He tore into a package of film and loaded it mechanically. He raised the camera to his eye just in time to snap off pictures of the paramedics lowering the stretcher bearing Joe out of the airplane. He moved toward it. The boy’s eyes were open now. He spotted Linc, the only familiar face among those surrounding him. Linc said, "Hang in there, trooper." For the first time since Linc had met him, Joe smiled. Linc captured that wan smile on f ilm.
The doctor climbed into the ambulance after the stretcher had been loaded. When he turned to close the door, he noticed Linc’s wound. "You should have that attended to."
"Later." Giving his minor injury no more thought, Linc swung his camera around toward the door of the airplane.
Inside it, Kerry was speaking with soft reassurance to the children. "Everything will seem different, but don’t be frightened. You are very special to the people here. They want you."
"Are you going to leave us?" young Mike asked.
"No. I won’t go until I’m sure you are all happy with your new families. Are we ready?" Eight heads nodded solemnly. "Good. Then let’s go."
She assisted them to the ground. Cage and Jenny Hendren escorted the pitiful parade toward a waiting van. Kerry did her best to ignore Linc as he took pictures of her. She also tried to ignore the stab of envy she felt when Cage took his wife in his arms, held her close, and kissed her.
Jenny’s relief that Cage had returned safe and unharmed was apparent, as was his concern that she was overtaxing herself in her advanced stage of pregnancy. While both dismissed the other’s worry, their love shone around them like an exclusive sun.
When all the children had been loaded into the van, Kerry and Jenny embraced. "It’s a dream come true," Kerry said to her friend. "Thank you for everything. For making all the arrangements. You’ve both been wonderful."
"Hush now. You need rest and nourishment. We’ll have plenty of time to talk later. Cage," she said, turning to her husband, "why don’t you and Mr. O’Neal climb into the back with the children? I’ll drive."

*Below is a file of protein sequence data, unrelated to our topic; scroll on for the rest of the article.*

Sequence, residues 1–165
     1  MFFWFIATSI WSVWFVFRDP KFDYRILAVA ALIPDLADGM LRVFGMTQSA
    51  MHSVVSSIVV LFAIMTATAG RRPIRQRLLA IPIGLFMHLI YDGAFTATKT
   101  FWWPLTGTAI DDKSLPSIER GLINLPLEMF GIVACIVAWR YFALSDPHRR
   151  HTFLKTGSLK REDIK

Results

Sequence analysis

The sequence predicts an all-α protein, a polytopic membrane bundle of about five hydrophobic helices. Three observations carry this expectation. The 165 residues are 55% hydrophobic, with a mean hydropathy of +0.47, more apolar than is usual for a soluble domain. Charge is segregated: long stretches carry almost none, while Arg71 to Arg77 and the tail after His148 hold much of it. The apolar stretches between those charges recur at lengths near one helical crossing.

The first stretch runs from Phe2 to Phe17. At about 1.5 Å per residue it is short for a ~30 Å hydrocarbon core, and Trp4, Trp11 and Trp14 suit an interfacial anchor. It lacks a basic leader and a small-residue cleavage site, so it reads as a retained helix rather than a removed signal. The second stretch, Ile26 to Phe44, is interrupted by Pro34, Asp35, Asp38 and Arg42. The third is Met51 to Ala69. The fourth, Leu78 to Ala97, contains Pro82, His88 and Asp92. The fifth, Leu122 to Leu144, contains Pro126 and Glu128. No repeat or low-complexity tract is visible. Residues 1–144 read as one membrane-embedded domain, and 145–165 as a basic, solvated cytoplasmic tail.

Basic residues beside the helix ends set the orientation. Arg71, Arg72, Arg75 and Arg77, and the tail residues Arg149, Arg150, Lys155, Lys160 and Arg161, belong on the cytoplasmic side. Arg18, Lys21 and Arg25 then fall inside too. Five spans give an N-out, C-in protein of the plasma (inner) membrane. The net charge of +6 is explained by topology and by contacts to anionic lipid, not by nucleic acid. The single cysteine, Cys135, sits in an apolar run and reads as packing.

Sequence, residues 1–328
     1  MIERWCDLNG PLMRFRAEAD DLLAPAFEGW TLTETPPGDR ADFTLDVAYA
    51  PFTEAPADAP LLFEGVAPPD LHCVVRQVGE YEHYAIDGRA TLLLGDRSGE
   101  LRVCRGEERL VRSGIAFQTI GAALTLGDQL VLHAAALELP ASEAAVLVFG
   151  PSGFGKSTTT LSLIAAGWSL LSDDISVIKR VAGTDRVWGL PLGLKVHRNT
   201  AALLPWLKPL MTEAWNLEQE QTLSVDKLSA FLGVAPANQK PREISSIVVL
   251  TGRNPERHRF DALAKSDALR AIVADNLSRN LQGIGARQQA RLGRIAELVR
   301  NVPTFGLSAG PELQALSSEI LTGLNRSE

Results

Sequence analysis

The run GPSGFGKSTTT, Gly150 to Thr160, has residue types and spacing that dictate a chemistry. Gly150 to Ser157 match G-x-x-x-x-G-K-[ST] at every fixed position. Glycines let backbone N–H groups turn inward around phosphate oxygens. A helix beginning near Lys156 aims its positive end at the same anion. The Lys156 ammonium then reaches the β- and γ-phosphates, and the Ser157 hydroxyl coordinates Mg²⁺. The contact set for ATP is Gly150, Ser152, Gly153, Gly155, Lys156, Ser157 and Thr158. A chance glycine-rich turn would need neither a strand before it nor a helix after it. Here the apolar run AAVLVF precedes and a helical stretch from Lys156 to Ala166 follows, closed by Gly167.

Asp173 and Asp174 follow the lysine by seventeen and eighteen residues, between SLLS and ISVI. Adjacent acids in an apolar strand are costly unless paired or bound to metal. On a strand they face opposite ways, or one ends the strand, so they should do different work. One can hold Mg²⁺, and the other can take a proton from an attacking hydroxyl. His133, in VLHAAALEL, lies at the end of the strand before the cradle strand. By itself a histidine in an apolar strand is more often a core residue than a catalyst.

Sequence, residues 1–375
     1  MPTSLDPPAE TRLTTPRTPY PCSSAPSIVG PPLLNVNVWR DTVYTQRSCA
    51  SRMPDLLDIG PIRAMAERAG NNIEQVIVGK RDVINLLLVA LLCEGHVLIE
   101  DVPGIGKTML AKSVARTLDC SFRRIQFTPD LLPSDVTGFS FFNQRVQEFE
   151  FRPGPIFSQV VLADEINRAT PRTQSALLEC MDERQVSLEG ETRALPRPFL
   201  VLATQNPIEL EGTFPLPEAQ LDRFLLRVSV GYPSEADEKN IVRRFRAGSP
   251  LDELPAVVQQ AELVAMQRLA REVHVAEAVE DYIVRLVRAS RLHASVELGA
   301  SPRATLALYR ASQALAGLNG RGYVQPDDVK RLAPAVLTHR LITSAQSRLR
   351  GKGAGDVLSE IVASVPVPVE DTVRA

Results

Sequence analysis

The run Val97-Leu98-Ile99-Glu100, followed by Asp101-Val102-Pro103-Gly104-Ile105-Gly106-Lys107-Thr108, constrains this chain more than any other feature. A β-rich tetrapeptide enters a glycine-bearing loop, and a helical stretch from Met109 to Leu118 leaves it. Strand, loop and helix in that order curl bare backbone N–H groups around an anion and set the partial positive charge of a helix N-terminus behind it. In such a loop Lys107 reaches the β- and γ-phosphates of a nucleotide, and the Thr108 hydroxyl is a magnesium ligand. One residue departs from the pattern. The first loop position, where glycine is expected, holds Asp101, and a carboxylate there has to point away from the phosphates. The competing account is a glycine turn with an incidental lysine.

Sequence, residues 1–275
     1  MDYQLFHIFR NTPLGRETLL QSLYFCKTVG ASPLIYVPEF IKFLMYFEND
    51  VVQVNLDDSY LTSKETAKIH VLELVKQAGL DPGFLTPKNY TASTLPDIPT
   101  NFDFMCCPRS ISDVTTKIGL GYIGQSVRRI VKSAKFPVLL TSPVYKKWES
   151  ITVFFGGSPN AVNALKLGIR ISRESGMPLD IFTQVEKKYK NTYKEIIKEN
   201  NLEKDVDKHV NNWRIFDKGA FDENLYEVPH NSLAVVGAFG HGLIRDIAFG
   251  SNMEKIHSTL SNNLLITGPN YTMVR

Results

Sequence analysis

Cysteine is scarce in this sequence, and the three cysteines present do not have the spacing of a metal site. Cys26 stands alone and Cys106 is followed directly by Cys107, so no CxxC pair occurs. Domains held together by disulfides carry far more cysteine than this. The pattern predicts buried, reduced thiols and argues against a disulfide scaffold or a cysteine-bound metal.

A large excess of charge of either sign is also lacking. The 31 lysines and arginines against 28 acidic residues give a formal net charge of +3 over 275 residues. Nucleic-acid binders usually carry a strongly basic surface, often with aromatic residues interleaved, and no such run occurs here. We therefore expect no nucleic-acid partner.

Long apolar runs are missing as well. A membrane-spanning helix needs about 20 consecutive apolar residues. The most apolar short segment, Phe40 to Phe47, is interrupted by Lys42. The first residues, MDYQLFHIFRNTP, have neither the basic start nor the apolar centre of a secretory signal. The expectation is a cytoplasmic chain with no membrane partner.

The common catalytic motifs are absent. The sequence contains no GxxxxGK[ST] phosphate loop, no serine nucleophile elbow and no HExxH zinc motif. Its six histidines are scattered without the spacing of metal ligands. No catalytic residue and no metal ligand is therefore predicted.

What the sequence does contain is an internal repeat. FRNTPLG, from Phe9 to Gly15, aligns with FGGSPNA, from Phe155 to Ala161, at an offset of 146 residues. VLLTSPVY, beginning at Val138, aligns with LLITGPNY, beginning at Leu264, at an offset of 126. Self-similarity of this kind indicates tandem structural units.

"Uh, excuse me, Mrs. Hendren," Linc said. "I’ll just get a cab to the nearest hotel and – "
Simultaneously Cage and Jenny burst out laughing. "We only have one cab in town," Cage explained. "You’d be lucky to get him here the day after tomorrow if you called right now. And there’s no hotel, although there are several motels."
"Besides," Jenny chimed in, "I wouldn’t let you leave without thanking you for all your help. Now get in before we collapse from this heat."
And that, it seemed, was that. Linc got in the back of the van with Cage. Little Lisa, her face a study in uncertainty, held her arms up to him. He settled her in his lap for the ride to the Hendren’s house.
"I held the reporters at bay with the promise of a press release, Kerry. You can prepare it whenever you feel like it."
"Thank you, Jenny."
"And, of course, you’re staying with us," Jenny added.
"What about the children?"
"We’ve been loaned several mobile homes. They’re at the ranch," Cage said. "We’ve also got nurses standing by to check them over to the immigration department’s satisfaction. It’ll take several days for the paperwork to be completed and the adoption papers finalized. That will all be taken care of before their families arrive to pick them up." Cage looked at the circle of young faces surrounding them. "Which ones are the sisters?"
Kerry pointed out Juan’s two sisters. Cage smiled at them and told them in Spanish that their new parents were already at the house. "They’re waiting for you. You’ll meet them as soon as we arrive."